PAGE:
I also got a pair of 7" grid reflectors that will allow use of milk glass dome modifiers for broad coverage in a reception hall ... even though I haven't used them yet, I know they'll work because I've used the dome modifiers on Profoto heads to light large industrial areas on commercial shoots.

    Getting the "Quadra on a stick" mobile in this way, using an on-camera speed-light for fill, allows us to move quickly from one venue location to another ... but you DO need an assistant. I've included four posed shots using this technique as we moved from one room to the next. These were done with the 33" translucent umbrella with a 28mm and 100mm on the H4D/40. All but the Bride reclining on the couch are pretty severe crops done for an album, and the B&W of the B&G and couch is a crop from a lower res jpg because I'm too lazy to find the original ...

    This mobility factor is especially true if you use this Quadra and beauty dish set-up on the dance floor ... which was new to me, (and I now know how to refine it). I've included 3 un-cropped dance floor shots done with the Sony ... the B&W one of the Bride crying while dancing with her father worked better than my second shooter's on-camera flash version because of the directional lighting. The other two dance shots shows how using carefully placed directional lighting avoids blowing out the foreground subjects that happens so often when using a singular on-camera flash while focusing on a background subject. This way kept the lighting focus on the Bride in the background.

    Hope this helps with some ideas a little bit.

    Have you used the Quadra's with the H4D/40?

    -Marc

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    Re: HD4/40: ISO 800 on the job

    Inspiring photos, Marc. How long of a mirror-delay do you use for hand-held shots?

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    Re: HD4/40: ISO 800 on the job

    Great stuff. We just picked up a H3DII-31 for similar uses. Specifically for inbetween ceremony and receptions. We too use rangers and now the quadra. We are very much looking forward to using it along with the H3D.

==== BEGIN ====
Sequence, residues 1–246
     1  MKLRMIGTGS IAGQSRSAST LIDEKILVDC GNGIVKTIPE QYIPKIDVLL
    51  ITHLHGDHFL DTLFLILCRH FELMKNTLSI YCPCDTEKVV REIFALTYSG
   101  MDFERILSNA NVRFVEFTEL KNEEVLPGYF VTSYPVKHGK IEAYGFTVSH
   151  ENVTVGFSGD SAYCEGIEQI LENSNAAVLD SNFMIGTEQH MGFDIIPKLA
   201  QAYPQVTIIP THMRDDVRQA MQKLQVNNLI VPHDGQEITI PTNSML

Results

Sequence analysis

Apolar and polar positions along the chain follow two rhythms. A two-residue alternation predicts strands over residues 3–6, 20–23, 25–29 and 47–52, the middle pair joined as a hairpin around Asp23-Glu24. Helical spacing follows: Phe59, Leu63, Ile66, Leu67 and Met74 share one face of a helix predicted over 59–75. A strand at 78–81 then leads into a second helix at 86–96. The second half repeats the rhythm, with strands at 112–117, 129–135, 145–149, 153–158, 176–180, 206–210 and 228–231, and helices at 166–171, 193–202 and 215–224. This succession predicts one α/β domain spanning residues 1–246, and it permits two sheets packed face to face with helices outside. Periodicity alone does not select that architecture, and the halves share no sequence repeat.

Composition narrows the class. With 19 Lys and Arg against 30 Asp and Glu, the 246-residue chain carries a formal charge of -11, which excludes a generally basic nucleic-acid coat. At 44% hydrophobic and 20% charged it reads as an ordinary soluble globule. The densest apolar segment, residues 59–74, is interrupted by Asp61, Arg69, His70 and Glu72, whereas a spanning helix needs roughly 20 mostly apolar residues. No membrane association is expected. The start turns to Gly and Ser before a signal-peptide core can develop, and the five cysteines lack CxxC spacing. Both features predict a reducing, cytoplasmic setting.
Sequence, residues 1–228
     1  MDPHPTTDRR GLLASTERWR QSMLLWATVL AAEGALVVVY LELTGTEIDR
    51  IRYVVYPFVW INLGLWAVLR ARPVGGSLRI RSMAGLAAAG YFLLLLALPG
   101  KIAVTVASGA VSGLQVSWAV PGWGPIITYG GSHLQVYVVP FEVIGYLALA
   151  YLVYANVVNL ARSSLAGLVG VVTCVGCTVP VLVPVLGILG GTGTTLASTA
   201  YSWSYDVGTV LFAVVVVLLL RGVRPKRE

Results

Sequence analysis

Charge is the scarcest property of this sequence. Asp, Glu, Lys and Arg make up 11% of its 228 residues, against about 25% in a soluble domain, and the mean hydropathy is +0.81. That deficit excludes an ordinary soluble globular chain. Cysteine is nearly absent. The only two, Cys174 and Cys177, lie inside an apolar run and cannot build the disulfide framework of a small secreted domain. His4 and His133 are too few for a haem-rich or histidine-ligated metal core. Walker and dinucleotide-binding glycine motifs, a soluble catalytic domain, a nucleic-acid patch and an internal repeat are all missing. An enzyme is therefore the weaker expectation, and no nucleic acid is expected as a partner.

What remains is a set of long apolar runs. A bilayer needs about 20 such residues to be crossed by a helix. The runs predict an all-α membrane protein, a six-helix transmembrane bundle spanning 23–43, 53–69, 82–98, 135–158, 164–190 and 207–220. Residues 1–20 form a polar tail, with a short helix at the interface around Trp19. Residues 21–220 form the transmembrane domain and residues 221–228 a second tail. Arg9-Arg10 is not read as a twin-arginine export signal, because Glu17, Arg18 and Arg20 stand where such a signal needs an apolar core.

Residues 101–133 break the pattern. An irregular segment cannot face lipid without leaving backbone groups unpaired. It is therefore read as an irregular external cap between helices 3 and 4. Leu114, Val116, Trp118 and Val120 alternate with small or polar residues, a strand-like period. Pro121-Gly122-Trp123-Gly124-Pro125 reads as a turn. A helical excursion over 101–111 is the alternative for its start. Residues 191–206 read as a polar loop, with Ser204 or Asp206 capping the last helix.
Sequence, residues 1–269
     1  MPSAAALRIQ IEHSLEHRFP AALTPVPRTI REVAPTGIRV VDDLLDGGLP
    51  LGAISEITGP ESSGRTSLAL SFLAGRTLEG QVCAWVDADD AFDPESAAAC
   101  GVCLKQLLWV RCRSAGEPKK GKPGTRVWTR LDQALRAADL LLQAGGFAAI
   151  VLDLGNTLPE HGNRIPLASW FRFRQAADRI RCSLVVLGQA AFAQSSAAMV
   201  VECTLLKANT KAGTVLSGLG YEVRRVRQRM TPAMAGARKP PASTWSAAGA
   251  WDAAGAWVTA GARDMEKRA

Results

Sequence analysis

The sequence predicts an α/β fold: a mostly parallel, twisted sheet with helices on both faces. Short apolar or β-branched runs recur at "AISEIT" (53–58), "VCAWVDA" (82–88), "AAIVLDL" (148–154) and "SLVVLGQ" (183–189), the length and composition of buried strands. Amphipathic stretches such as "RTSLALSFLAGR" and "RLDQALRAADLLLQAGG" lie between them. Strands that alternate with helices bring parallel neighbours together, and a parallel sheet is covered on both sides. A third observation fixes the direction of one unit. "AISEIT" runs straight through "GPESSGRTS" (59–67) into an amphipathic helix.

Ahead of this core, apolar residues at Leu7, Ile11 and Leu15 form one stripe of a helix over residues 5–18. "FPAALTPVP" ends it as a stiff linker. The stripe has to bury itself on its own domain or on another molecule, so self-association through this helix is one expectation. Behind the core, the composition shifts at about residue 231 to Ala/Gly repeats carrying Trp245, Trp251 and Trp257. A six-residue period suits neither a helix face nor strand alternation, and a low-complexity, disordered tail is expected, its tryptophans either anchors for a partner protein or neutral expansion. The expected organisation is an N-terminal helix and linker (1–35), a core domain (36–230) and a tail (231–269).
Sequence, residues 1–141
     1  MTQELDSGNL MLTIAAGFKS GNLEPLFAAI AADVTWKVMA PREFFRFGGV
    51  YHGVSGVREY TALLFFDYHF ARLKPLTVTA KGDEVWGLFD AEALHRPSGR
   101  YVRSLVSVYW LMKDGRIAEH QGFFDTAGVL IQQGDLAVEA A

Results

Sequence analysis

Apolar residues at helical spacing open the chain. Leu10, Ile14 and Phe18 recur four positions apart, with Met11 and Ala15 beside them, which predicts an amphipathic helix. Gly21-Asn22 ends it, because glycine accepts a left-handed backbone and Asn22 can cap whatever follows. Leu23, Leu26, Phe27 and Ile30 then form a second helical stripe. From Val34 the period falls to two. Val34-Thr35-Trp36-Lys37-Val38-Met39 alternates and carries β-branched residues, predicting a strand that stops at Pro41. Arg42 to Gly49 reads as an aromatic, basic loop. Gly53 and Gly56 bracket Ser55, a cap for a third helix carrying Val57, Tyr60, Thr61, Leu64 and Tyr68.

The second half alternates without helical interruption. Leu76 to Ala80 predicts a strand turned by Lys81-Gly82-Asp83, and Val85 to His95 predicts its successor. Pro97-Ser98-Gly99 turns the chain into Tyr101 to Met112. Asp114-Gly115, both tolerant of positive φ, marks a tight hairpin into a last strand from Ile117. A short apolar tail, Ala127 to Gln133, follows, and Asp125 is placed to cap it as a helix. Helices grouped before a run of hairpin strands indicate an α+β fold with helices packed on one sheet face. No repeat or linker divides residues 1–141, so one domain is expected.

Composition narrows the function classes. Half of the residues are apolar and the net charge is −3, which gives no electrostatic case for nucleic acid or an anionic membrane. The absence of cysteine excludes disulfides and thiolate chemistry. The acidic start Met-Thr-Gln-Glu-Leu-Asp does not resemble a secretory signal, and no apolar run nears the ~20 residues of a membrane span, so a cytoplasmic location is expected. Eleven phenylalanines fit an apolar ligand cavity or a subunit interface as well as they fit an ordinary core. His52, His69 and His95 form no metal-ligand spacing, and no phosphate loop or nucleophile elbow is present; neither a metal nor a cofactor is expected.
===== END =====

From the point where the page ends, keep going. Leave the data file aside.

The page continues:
I got a bunch of photos here with the Rangers: http://www.flickr.com/photos/symbolphotography/

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    Re: HD4/40: ISO 800 on the job

    Quote Originally Posted by symbolphoto View Post
    Great stuff. We just picked up a H3DII-31 for similar uses. Specifically for inbetween ceremony and receptions. We too use rangers and now the quadra. We are very much looking forward to using it along with the H3D.

    I got a bunch of photos here with the Rangers: http://www.flickr.com/photos/symbolphotography/
    Check out this Kirk Grip with Arca type QR that I'm now using with the H camera. VERY sturdy and adds little weight while making it easier to hand hold more steadily ... also gives you a place to securely put the transmitter using a short PC cord to the H camera ... while still allowing use of the hot-shoe for on camera fill. Bottom has a Arca type QR plate built-in for mounting on a Monopod or Tripod. Sweet!.

    http://www.bhphotovideo.com/c/produc..._Grip_for.html

    I'm also using a Carbon Fiber Gitzo Monopod with a high capacity monopod head from RRS which is also VERY sturdy but light weight and allows fast movements from landscape to portrait orientation with a MFD camera.